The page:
Are you having trouble getting started with a strength program and don’t know where to start? Well have no fear – this strength program, Wendler 5-3-1, can get you to where you need to be! I’ve been through several cycles of this program in the past and did some experimenting this past fall on how long one should keep doing the program and how to switch up your numbers after each 4-week cycle. Check it out!
What is Wendler 5-3-1?
Developed by power lifter, Jim Wendler, this program primarily consists of the four (4) main lifts: bench press, shoulder press, back squat, and deadlift. It is a 4-week cycle that utilizes a certain percentage of each of these lifts. The program is very easy to follow and does not require a significant amount of time in the gym to perform.
How is it set up?
When setting up your Wendler 5-3-1 program, you must establish a one (1) repetition max (1RM) if you don’t have a history of recording this. Then from your 1RM, you will use the 90% of that established lift; from there, each week is performed at certain percentages of the 90% lift respectively. During weeks 1-3, you will perform your last working set as an AMRAP (as many reps as possible) – this is known as a “plus set”. Then going into week four, you will perform “deload sets” – meaning you will significantly decrease the percentage of weight lifted to give your body an active rest period. Here’s a typical set up listed below:
- WEEK 1 – perform 3 sets of 5 reps (3×5+) @ 65%-75%-85% of your established 90% 1RM lifts. Last working set is an AMRAP.
- WEEK 2 – perform 3 sets of 3 reps (3×3+) @ 70%-80%-90% of your established 90% 1RM lifts. Last working set is an AMRAP.
- WEEK 3 – perform 1 set of 5 reps, 1 set of 3 reps, and 1 set of 1+ AMRAP @ 75%-85%-95% respectively.
- WEEK 4 – “Deload week”; perform 3 sets of 5 reps (3×5) @ 40%-50%-60% of your established 90% 1RM lifts. NOTE – there is no AMRAP performed during this week.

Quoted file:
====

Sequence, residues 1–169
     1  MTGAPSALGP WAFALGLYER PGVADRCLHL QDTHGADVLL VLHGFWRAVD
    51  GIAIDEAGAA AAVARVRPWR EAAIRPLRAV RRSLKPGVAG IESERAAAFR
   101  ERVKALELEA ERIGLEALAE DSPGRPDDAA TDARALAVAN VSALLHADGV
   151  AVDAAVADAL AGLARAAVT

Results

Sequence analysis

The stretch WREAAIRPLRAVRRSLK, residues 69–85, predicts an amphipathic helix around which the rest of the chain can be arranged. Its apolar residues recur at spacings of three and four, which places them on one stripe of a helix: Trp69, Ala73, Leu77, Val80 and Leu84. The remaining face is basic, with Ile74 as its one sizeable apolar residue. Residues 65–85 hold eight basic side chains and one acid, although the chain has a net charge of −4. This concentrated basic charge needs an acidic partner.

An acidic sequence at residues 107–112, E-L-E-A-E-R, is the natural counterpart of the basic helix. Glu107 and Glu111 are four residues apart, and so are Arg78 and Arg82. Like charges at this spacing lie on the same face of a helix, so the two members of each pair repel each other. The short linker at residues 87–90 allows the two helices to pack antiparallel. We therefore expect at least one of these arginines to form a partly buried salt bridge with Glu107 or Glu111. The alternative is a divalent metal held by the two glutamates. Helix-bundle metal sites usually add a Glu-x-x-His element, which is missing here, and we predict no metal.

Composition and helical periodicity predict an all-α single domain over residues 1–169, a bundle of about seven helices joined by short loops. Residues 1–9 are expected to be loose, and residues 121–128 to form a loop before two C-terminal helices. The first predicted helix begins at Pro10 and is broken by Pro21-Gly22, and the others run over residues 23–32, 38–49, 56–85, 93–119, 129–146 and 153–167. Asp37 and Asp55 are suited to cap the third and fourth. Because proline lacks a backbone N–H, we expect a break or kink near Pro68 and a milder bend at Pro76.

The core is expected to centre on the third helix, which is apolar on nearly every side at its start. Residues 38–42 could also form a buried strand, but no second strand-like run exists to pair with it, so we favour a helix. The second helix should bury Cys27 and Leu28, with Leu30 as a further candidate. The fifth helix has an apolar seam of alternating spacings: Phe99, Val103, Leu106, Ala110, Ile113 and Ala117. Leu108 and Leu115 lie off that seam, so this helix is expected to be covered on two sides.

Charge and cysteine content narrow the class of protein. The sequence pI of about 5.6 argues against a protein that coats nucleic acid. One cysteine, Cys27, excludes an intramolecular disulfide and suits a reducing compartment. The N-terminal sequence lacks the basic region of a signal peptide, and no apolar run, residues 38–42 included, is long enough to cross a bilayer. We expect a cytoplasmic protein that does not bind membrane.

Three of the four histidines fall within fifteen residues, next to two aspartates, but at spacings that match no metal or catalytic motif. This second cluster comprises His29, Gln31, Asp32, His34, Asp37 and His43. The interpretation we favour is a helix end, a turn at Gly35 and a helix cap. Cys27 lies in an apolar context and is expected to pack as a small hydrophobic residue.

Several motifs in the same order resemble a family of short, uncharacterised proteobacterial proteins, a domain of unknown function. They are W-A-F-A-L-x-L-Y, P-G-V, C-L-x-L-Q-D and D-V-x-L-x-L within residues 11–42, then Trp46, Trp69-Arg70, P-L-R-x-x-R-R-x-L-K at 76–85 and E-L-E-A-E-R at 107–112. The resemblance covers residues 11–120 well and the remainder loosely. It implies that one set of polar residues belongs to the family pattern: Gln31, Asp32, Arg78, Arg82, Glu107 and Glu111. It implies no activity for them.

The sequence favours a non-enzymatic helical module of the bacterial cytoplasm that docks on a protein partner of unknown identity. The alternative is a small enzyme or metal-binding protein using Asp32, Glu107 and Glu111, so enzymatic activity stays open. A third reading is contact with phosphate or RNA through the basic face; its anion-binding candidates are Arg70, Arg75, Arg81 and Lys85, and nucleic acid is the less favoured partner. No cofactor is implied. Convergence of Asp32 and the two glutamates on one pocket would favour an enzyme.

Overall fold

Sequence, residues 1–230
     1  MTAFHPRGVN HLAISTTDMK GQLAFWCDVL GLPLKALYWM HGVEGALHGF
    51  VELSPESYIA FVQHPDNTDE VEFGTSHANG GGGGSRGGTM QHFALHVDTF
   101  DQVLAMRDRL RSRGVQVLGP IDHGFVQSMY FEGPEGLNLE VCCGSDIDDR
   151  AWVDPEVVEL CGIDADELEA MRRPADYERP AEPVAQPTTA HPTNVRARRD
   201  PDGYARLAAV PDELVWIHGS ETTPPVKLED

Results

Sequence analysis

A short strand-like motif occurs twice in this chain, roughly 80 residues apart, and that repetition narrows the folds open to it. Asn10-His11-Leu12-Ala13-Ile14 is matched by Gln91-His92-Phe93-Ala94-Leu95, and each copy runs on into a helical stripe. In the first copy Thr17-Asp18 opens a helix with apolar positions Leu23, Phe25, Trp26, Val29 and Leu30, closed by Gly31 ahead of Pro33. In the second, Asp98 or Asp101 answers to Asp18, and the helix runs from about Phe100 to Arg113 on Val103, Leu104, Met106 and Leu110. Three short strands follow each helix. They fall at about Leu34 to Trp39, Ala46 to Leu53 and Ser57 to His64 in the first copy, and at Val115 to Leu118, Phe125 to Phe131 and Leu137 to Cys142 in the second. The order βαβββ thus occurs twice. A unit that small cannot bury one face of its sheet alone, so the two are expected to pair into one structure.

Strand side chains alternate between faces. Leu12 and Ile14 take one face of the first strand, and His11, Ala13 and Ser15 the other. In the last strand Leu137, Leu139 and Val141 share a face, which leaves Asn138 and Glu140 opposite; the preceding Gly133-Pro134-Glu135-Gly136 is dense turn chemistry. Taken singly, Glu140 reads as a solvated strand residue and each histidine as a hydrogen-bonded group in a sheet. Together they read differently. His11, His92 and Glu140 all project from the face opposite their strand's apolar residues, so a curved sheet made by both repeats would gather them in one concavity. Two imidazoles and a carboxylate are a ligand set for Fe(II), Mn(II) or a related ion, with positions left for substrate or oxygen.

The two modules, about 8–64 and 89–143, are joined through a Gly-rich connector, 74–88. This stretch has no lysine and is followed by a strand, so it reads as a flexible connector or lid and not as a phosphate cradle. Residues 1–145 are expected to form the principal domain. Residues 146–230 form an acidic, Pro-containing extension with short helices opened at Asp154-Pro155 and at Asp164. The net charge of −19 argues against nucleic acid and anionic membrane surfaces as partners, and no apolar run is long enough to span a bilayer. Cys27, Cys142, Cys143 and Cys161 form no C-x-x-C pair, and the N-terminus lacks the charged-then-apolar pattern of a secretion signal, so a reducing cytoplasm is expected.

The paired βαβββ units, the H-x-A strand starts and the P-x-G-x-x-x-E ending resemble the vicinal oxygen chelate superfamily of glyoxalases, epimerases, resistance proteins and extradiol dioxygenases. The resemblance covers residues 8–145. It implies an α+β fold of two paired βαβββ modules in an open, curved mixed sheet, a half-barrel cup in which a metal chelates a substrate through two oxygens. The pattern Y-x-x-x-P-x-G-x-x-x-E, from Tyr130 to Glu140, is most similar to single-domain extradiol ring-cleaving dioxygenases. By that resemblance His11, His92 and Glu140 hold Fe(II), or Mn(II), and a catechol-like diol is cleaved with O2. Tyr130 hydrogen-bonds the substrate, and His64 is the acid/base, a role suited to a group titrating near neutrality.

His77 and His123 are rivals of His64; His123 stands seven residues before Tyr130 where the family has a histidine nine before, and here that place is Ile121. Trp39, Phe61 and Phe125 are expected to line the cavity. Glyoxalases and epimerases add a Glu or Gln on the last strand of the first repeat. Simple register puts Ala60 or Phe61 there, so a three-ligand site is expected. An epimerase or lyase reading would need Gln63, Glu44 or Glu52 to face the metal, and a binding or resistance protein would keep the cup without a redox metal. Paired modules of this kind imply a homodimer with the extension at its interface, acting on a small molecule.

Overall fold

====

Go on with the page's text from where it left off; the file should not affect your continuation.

Here’s an example of a 4-week set up from my programming for deadlifts:
- New 1RM deadlift = 220#
- New 90% deadlift [from new 1RM] = 200#
|Week 1||Week 2||Week 3||Week 4|
|Set 1||65% x 5 (130#)||70% x 3 (140#)||75% x 5 (150#)||40% x 5 (80#)|
|Set 2||75% x 5 (150#)||80% x 3 (160#)||85% x 3 (170#)||50% x 5 (100#)|
|Set 3||85% x 5+ (170#)||90% x 3+ (180#)||95% x 1+(190#)||60% x 5 (120#)|
What happens after I complete my first 4-week cycle?
After the first 4-week cycle is complete, you will add 5# to your established 1RM upper body lifts and add 10# to your established 1RM lower body lifts. From there, you will calculate a NEW 90% of the 1RM lifts respectively. Then you will repeat the same cycle again but with your new 90% 1RM for each lift.
What’s the purpose of the AMRAP set?
The AMRAP set is primarily there to aid in endurance and strength tolerance gains when lifting heavy weights. It also puts our nervous system into an overload to learn how to lift heavy weights while fatigued and maintaining good body mechanics. As you progress through your Wendler 5-3-1 program, you should see a significant increased in your AMRAP sets during each cycle – this signifies that your foundational strength is improving!
How long should I keep repeating the 4-week cycles?
From my training program experiment in 2016, I noticed that this Wendler 5-3-1 program should only be perform for about 8-12 weeks at max. One thing that I noticed, since there was an increase in weight of the upper and lower body lifts each 4-week period, I became very fatigue around the 14 week mark – knowing that I took this program too far along without giving my body a break. Also, since going past 14 weeks, my lifts were failing – I couldn’t hit my AMRAP sets because the weight was too heavy and I was tired.
But on the flip side – I retested my 1RMs and ended up improving my lower body lifts a lot! Upper body…not so good (but didn’t lose strength so that’s a plus).
- Deadlift: started at 210# –> new personal record (PR) at 235#
- Bench press: remained the same at 145#
- Back squat: started at 170# –> new PR at 185#
- Shoulder press: remained the same at 110#
Do I have to use only these main four lifts? Can I use different lifts for this program?
Sure! But I will warn you (coming from my physical therapy background), if you choose to utilize a clean & jerk and snatch, I would stay on the side of caution with the AMRAP sets…especially if you are new to those weightlifting movements. If you’re a pro at these lifts, then you should know what to do and how to handle your fatigue levels. You can certainly utilize a bent over row, front squat, push press, etc. That’s one reason I love this basic strength program! You can change it up to tailor your goals! Remember, when in doubt with your lifts, ALWAYS lean more to the side of safety and maintaining correct positioning/body awareness – DO NOT SACRIFICE THIS!
Disclaimer: I am not your personal trainer; I am providing you with my input on a basic training program and it’s outcomes I have personally experienced. Please consult a professional trainer or a physical therapist when beginning a strength program under proper supervision, especially if you have NO experience with weight lifting/power lifting.